In the next few days, I’m going to be sending the "Tin Whistle" story to those of you who’ve signed up for my newsletter. I promised you a story every month or two up until the WHITE AS ICE quadrilogy (yes - that’s a word. I made it up, but it’s definitely a word) is published.
Here’s the opening to the story, just to wet your whistle. (I admit it. I love puns.) The story comes near the beginning of RED AS A ROOSTER, the first of the four books, and the women have just walked up into the cavernous attic. Biscuit McKee—she's the main character in these mysteries—looks around the space, wondering if, even with the help of her women friends, she’ll ever manage to organize all that stuff.
A couple of card tables, their spindly legs folded in as if they’d been relegated to “time out,” leaned against the wall off to the right of the stairs, and I saw another three farther down the way. Why would anyone need five card tables? Maybe a bridge club? “Feel free to poke around,” I said as the women spread out, weaving among the old trunks and dressers and stacks of miscellaneous items.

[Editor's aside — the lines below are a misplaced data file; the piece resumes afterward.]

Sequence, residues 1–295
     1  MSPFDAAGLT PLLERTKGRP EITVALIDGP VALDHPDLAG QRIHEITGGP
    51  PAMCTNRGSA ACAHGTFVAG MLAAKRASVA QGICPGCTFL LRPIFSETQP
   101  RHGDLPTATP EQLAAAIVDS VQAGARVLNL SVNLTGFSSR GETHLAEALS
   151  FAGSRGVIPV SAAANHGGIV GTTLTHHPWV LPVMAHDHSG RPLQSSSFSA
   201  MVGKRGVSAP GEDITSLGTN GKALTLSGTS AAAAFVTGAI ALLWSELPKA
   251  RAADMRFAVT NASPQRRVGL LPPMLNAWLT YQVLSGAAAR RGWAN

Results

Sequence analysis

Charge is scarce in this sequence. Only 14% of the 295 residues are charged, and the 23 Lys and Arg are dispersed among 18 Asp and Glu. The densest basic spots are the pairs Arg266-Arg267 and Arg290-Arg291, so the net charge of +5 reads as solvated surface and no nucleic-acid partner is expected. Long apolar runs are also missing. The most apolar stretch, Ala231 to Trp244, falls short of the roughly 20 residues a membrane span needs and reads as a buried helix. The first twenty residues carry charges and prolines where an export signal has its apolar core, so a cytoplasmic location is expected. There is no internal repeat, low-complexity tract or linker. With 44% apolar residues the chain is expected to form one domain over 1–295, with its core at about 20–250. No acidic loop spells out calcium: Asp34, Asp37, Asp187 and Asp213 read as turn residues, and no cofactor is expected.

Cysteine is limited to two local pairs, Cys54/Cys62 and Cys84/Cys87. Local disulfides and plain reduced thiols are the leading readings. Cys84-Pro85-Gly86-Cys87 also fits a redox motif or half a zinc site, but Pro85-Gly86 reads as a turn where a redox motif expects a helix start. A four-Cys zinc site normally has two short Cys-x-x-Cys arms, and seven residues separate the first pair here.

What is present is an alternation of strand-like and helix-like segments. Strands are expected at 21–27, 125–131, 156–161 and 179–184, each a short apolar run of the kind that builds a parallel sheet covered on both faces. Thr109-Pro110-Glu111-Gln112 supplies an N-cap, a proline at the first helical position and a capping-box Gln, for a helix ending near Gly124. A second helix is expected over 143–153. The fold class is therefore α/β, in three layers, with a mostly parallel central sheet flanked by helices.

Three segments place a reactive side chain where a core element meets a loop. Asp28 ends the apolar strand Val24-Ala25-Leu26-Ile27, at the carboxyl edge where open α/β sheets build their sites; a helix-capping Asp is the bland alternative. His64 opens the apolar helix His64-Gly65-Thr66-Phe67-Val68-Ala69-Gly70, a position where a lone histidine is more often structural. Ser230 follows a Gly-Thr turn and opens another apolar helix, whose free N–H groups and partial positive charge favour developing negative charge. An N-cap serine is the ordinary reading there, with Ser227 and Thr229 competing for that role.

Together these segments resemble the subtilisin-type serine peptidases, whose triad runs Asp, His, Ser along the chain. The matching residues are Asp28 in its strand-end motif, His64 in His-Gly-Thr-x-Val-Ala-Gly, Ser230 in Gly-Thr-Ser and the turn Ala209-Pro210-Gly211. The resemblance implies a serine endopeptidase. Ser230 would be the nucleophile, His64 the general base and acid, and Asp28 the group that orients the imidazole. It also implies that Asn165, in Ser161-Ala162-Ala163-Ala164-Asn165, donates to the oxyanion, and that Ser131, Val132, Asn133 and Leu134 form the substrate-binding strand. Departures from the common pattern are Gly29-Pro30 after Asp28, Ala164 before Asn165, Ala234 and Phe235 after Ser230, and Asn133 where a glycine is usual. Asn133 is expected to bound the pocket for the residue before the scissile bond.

Glaze crossed her arms. “There doesn’t seem to be much organization here.”
“Humph!” Ida drew her fingers across the top of an old trunk, leaving a trail in the dust. “There isn’t any organization here.”
The sight of all that … that stuff was a bit daunting, I had to admit. Not only were there numerous trunks and boxes, but a lot of items weren’t packed up in any way. The tops of several rickety-looking dressers were piled high with unidentifiable jumbles. I walked over to one of them and brushed aside a hodgepodge of costume jewelry. An old penny whistle caught my eye, so I picked it up and blew into it. Of course, it let out a piercing shriek, which brought all conversation behind me to a stop.
“Sorry,” I said. “Couldn’t resist it.”
Maddy stepped closer to me. “Could I see it?”
She lifted it to her lips and played a merry little tune.
Naturally, we all applauded.
At this point, the story goes into November of 1866, where we meet Josh Hawley.
Josh Hawley's mare was not quite lame, but she had slowed down so much, Josh thought perhaps the nag was on her last legs. He wished he could have stolen a better animal …
If you’d like to find out what happens, be sure to go to my home page, scroll down a bit, and sign up for the newsletter.